Sound Effects Libraries

Sound effects creation has changed dramatically over the years. So has the way in which effects are packaged and sold. Fragile tapes and LPs that degenerated

Sound effects creation has changed dramatically over the years. So has the way in which effects are packaged and sold. Fragile tapes and LPs that degenerated with repeated plays are relics that have no place in the contemporary television and film production community. Even the CDs that replaced these media are in danger of becoming obsolete. Online delivery systems are in their infancy, but as connections to the Internet become faster and copyright protection schemes progress, they will likely make ground shipping of traditional media unnecessary.

Where exactly are we today, and how are content producers leading us into the next phase of sound effects distribution? We contacted a handful of companies, scoured the Web for downloads and conducted interviews with some key players to get a sense of the state of the industry within an industry.

Most noticeable was the tendency of even the most forward-thinking companies to protect their market share by catering to clients who are comfortable with traditional sales methods. Even those companies that would prefer to offer their libraries solely as downloads to minimize manufacturing costs tend to sell them on CD. DVD, with its greater storage capacity, may be a viable delivery option in the future, but not yet. Think about it. If you owned a 75-disc library, would you invest in DVDs, or bet that the industry will bypass them and go directly from CD to the Internet as the primary transaction medium?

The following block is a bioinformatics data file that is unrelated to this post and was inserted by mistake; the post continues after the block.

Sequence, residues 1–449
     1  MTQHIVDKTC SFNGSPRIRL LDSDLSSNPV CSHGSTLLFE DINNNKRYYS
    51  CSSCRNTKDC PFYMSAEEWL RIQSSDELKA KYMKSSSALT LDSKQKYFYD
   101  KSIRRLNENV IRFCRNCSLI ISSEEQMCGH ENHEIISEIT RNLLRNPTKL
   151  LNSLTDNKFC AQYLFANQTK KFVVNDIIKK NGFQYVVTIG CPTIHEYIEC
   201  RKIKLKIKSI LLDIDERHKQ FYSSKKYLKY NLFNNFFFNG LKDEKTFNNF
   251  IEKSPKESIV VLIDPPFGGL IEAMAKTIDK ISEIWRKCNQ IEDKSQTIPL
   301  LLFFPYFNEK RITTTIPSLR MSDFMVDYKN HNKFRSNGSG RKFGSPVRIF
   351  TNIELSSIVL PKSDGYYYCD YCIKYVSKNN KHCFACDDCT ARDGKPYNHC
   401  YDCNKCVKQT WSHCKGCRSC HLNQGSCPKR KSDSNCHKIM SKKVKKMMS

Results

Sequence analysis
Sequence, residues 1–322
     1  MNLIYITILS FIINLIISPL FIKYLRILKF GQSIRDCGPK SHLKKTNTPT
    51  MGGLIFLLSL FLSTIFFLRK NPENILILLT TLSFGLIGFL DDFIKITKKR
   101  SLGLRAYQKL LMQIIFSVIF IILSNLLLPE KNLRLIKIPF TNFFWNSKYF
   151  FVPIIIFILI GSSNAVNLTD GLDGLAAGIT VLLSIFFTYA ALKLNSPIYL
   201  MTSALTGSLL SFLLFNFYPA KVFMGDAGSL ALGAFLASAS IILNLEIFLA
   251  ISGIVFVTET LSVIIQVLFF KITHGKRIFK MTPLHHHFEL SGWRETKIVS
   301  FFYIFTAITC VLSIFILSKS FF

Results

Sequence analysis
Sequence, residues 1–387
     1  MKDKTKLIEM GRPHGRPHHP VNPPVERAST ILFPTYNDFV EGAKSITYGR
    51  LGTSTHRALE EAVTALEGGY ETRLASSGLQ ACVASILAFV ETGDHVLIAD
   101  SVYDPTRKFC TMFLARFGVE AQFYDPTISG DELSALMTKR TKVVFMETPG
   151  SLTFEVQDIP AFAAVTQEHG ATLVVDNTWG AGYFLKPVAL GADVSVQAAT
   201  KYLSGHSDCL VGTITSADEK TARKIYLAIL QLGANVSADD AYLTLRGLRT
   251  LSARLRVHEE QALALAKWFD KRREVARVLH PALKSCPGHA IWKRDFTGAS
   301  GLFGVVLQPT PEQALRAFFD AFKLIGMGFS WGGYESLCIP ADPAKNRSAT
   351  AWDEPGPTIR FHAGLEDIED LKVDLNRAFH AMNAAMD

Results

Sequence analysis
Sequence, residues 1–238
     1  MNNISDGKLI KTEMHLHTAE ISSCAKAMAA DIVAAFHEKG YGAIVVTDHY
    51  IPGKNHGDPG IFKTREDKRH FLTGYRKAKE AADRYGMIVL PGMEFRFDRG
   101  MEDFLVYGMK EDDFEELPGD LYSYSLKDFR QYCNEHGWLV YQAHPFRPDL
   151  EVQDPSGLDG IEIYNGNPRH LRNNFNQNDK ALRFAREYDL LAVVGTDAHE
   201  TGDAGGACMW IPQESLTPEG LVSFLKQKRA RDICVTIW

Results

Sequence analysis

Almost all manufacturers post their libraries, or portions of them, on the Internet as low-quality downloads for clients to audition. In theory, this approach is fine, and it works well for music. If you're looking for the perfect theme for a corporate video, then gathering the client and video producer around a computer that has a pair of speakers plus a subwoofer will allow the principals to sign off on music they can live with throughout the rest of the production. On the other hand, will a production company that has a wall of CDs or a networked jukebox seem more efficient? Studio survival often depends on appearance and “cool” factor — not to mention the need for speed — as much as technique. The Internet has the hip factor, no doubt; the issue of speed is still debatable.